Not only can the first steps back into the world make you feel dizzy, this feeling can linger for years. There is the challenge of finding work, perhaps re-discerning a vocation, making friends, relating to people who you once knew, among so many other daily adjustments that often go unnoticed by those around you, but are felt with every step you take.
God recently revealed to me an explanation of my feeling of dizziness which consoled me. He reminded me of a passage in the Old Testament from the book of Jeremiah. God says to the prophet Jeremiah to go and visit the potter’s house. While there, Jeremiah discovers the potter is working at his wheel. Jeremiah writes, “whenever the object of clay which he was making turned out badly in his hand, he tried again, making of the clay another object of whatever sort he pleased” (Jeremiah 18:4). As Jeremiah witnesses the ingenuity and perseverance of the potter, the word of the Lord comes to him saying, “Can I not do to you, house of Israel, as this potter has done?… Indeed, like clay in the hand of the potter, so are you in my hand…” (Jeremiah 18:6). From this, God helped me understand that I feel dizzy because He is working on me right now. I’m His clay and I’m on the wheel spinning, but I’m in His hands. That’s what matters.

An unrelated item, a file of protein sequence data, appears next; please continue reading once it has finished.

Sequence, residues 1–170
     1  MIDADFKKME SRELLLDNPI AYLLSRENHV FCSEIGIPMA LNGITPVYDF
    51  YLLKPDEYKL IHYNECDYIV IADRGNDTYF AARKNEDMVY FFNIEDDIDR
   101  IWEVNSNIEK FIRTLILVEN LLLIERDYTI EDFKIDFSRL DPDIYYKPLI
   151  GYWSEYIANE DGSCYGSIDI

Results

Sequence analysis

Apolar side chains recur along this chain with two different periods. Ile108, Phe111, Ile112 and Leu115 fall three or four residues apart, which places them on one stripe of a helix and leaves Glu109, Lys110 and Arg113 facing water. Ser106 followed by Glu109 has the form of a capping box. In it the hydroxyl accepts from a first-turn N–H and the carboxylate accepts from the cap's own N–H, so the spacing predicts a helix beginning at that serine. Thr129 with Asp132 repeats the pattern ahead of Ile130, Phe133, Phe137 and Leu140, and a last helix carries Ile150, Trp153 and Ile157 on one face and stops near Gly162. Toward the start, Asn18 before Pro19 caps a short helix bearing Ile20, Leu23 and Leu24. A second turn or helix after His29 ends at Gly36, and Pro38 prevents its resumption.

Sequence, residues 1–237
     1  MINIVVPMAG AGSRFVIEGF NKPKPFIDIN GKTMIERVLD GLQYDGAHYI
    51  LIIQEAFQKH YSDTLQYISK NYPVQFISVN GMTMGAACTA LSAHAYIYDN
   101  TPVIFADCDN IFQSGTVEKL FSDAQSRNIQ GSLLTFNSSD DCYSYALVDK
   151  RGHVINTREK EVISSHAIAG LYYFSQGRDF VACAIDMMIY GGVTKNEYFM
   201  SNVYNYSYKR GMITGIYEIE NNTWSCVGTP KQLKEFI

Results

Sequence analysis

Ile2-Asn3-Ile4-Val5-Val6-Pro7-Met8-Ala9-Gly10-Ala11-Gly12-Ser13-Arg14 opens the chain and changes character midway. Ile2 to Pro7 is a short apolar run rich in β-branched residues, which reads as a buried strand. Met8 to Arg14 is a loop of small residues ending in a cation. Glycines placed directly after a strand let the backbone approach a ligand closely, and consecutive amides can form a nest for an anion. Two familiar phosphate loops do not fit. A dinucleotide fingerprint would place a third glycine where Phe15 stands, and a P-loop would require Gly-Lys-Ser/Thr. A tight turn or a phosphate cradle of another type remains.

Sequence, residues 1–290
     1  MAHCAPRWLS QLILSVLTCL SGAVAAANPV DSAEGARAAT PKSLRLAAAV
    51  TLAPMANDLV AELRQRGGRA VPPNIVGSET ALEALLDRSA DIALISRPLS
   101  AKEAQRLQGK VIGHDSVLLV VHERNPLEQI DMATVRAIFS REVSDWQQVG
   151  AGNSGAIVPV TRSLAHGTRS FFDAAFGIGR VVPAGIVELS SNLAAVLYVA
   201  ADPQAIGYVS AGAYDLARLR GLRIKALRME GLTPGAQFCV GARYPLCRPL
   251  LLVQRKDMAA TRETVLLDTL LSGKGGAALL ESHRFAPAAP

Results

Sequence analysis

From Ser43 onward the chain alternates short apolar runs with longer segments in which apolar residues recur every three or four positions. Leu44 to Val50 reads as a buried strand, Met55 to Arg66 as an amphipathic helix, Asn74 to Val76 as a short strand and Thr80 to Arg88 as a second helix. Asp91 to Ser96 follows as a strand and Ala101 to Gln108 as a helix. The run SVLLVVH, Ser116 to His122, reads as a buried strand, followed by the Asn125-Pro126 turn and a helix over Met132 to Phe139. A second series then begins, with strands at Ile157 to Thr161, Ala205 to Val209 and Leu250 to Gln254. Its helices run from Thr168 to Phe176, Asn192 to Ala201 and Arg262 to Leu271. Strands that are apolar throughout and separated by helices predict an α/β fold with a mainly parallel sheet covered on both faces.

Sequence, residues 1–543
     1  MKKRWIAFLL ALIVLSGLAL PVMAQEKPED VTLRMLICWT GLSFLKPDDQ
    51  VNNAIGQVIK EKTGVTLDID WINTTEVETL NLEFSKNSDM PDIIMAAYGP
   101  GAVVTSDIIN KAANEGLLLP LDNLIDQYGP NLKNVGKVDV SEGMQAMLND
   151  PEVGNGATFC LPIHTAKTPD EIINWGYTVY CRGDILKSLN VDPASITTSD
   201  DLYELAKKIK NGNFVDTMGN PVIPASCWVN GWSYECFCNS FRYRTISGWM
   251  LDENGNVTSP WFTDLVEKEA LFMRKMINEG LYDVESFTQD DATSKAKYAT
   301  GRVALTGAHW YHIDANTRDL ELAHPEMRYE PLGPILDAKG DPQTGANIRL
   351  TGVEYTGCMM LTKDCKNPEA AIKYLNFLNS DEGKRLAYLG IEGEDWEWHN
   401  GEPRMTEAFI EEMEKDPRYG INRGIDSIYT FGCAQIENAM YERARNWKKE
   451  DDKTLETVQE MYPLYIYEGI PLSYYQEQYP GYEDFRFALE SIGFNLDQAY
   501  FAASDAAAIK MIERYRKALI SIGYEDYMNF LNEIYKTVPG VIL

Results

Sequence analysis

Clay is soft and impressionable. It doesn’t resist change but feels it very acutely, if clay could feel. If it was self-aware, clay might wrestle with feelings of shame about “turning out badly” in the hands of the potter on the first try. The important thing though is that the potter has a different perspective. The potter doesn’t get discouraged or frustrated with the clay. He tries something new. He is determined to continue his work. This is what God does with us. God revealed to me that it’s okay to feel dizzy and it’s okay to try something that doesn’t work out. He’s going to make everything work out in the end. He never gives up on us. St. Paul had this hope and perspective when he wrote, “I am confident of this, that the one who began a good work in you will continue to complete it until the day of Christ Jesus.” (Philippians 1:6). We just need to trust, trust, trust, and surrender ourselves into His hands.